As a technical search-engine optimizer, I’m often called in to coordinate website migrations, new site launches, analytics implementations, and other areas that affect sites’ online visibility and measurement to limit risk. Many companies generate a substantial portion of monthly recurring revenue from users finding their products and services through search engines. Although search engines have gotten good at handling poorly formatted code, things can still go wrong in development that adversely affects how search engines index and display pages for users.
I’ve been part of manual processes attempting to mitigate this risk by reviewing staged changes for search engine optimization (SEO)-breaking problems. My team’s findings determine whether the project gets the green light (or not) to launch. But this process is often inefficient, can be applied to only a limited number of pages, and has a high likelihood of human error.
The industry has long sought a usable and trustworthy way to automate this process while still giving developers and search-engine optimizers a meaningful say in what must be tested. This is important because these groups often have competing priorities in development sprints, with search-engine optimizers pushing for changes and developers needing to control regressions and unexpected experiences.
Many websites I work with have tens of thousands of pages. Some have millions. It’s daunting to understand how a development change might affect so many pages. In the world of SEO, you can see large, sitewide changes in how Google and other search engines show your pages from very minor and seemingly innocuous changes. It’s imperative to have processes in place that catch these types of errors before they make it to production.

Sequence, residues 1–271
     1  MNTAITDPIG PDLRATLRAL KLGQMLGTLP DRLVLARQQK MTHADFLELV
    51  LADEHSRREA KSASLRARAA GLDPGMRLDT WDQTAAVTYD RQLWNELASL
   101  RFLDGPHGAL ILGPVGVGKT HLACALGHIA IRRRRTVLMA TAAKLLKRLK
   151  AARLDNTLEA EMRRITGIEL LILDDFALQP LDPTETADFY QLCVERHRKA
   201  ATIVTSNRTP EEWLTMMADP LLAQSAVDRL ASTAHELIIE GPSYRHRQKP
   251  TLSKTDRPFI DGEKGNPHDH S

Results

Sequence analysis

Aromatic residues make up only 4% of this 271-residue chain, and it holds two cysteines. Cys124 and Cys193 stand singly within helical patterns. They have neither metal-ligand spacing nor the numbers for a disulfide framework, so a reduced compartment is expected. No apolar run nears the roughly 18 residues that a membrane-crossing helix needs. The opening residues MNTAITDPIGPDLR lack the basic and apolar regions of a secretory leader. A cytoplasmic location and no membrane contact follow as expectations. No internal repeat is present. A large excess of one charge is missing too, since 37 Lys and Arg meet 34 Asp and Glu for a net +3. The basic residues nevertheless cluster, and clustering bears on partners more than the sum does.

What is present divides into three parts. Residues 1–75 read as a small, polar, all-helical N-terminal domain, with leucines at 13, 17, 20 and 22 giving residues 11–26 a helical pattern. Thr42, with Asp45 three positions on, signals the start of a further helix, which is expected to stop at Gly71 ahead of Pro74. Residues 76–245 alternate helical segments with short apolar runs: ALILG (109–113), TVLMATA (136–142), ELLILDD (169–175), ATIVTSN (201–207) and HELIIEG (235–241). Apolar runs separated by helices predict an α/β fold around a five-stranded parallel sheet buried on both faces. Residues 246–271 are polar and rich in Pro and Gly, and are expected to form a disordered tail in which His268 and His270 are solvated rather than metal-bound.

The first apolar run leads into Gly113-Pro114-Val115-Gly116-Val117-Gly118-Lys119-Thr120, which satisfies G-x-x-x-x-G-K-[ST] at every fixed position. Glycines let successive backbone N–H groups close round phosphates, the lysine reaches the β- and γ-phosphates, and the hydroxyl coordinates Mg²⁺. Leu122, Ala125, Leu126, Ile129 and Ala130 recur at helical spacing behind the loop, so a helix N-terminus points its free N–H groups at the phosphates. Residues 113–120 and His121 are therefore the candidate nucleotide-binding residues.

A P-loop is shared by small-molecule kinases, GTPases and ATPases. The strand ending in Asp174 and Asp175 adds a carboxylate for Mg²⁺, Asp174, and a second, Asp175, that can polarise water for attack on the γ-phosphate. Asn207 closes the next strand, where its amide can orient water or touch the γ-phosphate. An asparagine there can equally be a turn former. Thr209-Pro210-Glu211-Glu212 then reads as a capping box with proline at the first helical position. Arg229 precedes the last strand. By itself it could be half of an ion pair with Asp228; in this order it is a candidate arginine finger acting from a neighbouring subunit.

Below are a few examples of problems that I have seen in the last year.
A proprietary third-party SEO monitoring tool we use, ContentKing, found this problem immediately after launch to production. This is a sneaky error because it’s not visible in the HTML, rather it is hidden from view in the server response header, yet it can very quickly cause the loss of your search visibility.
#automate testing #python #python tool
The demand for delivering quality software faster — or “Quality at Speed” — requires organizations to search for solutions in Agile, continuous integration (CI), and DevOps methodologies. Test automation is an essential part of these aspects. The latest World Quality Report 2018–2019 suggests that test automation is the biggest bottleneck to deliver “Quality at Speed,” as it is an enabler of successful Agile and DevOps adoption.
Test automation cannot be realized without good tools; as they determine how automation is performed and whether the benefits of automation can be delivered. Test automation tools is a crucial component in the DevOps toolchain. The current test automation trends have increased in applying artificial intelligence and machine learning (AI/ML) to offer advanced capabilities for test optimization, intelligent test generation, execution, and reporting. It will be worthwhile to understand which tools are best poised to take advantage of these trends.****
#automation-testing #automation-testing-tools #testing #testing-tools #selenium #open-source #test-automation #automated-testing
I took Nyran Moodie’s course on Test Automation University: Automated Visual Testing with WebdriverIO.
If you use WebdriverIO regularly, and you are unfamiliar with the basics of using Applitools for automated visual testing, you will appreciate this course. Nyran focuses you on how to add visual test automation with Applitools to your WebdriverIO tests.
Nyran expects you to know WebdriverIO. If you want to learn WebdriverIO, check out Julia Pottinger’s excellent course — UI Automation with WebdriverIO on Test Automation University.
Nyran breaks the course into eight main chapters. He gives this description in the course overview:
Each of these chapters provides a methodical approach to getting going with Applitools. I’ll give a quick overview of each.
If you read this review or take the course, you know why visual testing. Your UI and end-to-end tests result in the rendered output. You can write all the functional tests that grab locators, enter data, effect action, and cause the appropriate output locators to have the appropriate values. But, until you look at the result, you cannot tell if the input and output conform to design and usability expectations.